You know, i suppose I could drive you a few more hundred yards.
Director: Sean Penn
Starring: Emile Hirsch, William Hurt, Hal Holbrook
I’ll admit it. I’ve been sitting on Into the Wild for at least a week, and watching it felt a little bit like a homework assignment.
I knew what was coming, having read the Jon Krakauer book years ago. And even though I had largely avoided the reviews, I had a sense of what was coming: Lots of rapturous shots of a man in the Wilderness.
Not to criticize Sean Penn, who had a real sense of what he was trying to do. But it’s too easy to hold Chris McCandless up as a cure for all that is wrong with the world. The kid was a dreamer, but if there’s a reason why the story of Icarus has been a legend for more than 2,500 years. If you fly near the Sun with wings made of wax, guess what happens? And if you move out to the middle of Alaska with few supplies and a belief you can live off the land even though you have never done it, guess what happens?
That being said, for a movie about isolation, Penn does an admirable job of showing the human relationships that McCandless established on the road before his fateful trip up North. And he has a real feel for the less-than-perfect dropouts from mainstream society. A sequence where McCandless lives with two surrogate parents in a barren stretch of California known as Slab City is particularly resonant, as is Hirsch’s widely praised interaction with a tender, lonely Hal Holbrook.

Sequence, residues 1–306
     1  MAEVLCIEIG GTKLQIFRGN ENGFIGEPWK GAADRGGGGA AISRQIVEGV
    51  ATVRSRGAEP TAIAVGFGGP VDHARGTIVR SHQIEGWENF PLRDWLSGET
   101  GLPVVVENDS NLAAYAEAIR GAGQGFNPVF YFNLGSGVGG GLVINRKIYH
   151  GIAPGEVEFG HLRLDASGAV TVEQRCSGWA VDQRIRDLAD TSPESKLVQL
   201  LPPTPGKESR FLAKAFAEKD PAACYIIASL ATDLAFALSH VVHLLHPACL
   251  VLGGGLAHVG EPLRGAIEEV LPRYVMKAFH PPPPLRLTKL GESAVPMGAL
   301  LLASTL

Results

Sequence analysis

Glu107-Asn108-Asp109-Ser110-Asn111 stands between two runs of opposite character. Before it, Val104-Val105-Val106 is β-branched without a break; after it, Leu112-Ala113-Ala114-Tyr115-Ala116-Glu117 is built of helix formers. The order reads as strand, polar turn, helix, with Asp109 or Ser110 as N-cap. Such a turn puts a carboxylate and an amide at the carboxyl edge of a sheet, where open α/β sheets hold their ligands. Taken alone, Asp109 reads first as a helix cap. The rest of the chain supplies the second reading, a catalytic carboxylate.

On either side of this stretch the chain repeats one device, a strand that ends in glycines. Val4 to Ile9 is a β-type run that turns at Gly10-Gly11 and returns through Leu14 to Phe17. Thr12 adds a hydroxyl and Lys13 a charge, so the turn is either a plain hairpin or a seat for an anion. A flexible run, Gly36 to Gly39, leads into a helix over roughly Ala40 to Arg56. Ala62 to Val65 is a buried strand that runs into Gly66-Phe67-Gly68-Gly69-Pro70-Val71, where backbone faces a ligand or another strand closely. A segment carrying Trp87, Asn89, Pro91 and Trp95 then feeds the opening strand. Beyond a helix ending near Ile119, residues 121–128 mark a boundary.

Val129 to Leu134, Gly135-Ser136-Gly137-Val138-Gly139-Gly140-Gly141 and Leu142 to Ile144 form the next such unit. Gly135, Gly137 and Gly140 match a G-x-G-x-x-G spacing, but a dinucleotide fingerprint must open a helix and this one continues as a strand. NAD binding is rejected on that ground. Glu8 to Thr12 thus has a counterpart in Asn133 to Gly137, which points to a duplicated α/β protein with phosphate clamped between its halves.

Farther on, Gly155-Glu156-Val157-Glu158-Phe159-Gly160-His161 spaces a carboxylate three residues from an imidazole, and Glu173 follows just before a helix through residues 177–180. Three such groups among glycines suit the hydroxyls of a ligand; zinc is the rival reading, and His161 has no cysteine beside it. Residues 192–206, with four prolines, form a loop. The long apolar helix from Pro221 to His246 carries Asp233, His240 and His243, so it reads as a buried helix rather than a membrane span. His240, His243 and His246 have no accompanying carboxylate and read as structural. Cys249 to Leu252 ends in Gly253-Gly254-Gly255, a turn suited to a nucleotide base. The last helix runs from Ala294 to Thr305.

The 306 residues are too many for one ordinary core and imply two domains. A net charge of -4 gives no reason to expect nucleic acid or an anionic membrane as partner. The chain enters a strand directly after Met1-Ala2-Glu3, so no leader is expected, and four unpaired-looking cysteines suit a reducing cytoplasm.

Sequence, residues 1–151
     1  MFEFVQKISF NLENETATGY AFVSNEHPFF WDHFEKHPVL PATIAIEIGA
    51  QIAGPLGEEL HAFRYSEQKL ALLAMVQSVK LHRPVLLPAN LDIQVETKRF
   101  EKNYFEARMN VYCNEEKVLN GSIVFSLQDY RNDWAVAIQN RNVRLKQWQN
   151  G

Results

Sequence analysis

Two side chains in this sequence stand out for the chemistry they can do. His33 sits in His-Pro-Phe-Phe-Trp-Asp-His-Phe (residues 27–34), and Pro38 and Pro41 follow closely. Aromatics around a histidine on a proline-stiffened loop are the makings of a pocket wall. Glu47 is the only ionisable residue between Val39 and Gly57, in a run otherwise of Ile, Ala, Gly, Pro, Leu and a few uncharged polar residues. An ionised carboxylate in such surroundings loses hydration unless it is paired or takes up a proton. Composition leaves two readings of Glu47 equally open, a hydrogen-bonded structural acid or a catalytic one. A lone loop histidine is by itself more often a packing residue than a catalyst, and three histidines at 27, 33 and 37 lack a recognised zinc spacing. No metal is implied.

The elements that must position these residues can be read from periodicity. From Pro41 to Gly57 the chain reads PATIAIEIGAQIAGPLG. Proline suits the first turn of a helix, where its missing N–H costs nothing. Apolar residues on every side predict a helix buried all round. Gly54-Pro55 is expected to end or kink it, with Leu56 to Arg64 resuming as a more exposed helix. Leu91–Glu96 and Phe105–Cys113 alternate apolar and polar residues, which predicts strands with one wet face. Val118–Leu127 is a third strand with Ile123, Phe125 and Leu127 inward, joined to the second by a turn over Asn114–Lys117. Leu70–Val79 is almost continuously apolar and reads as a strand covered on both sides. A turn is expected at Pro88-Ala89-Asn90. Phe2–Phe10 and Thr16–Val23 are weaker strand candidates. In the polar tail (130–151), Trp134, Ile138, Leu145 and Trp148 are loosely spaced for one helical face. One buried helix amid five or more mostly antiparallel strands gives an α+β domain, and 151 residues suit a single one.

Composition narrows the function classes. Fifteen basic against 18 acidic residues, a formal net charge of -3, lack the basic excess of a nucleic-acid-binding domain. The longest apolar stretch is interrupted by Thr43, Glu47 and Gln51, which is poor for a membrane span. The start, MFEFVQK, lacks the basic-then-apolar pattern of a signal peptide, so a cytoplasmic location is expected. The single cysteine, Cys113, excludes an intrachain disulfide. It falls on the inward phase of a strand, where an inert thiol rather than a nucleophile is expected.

But it makes it all the more frustrating that the protagonist’s decision to leave people behind once he’s created the bonds for which he was obviously starving is poorly understand, by the people who knew McCandless and by the audience. And while you wish the ending would be transcendent, a moment that encapsulates all that is gorgeous about the mystery of existence, you can’t quite escape the feeling that you are watching a story about a guy who was crushed by his car fixing a flat tire because he didn’t know how to jack it up correctly.
My guess is that there is a large generational split among people who have seen this film. Just like that there’s a certain age when you should read “On the Road,” and then there’s a certain age here you can’t.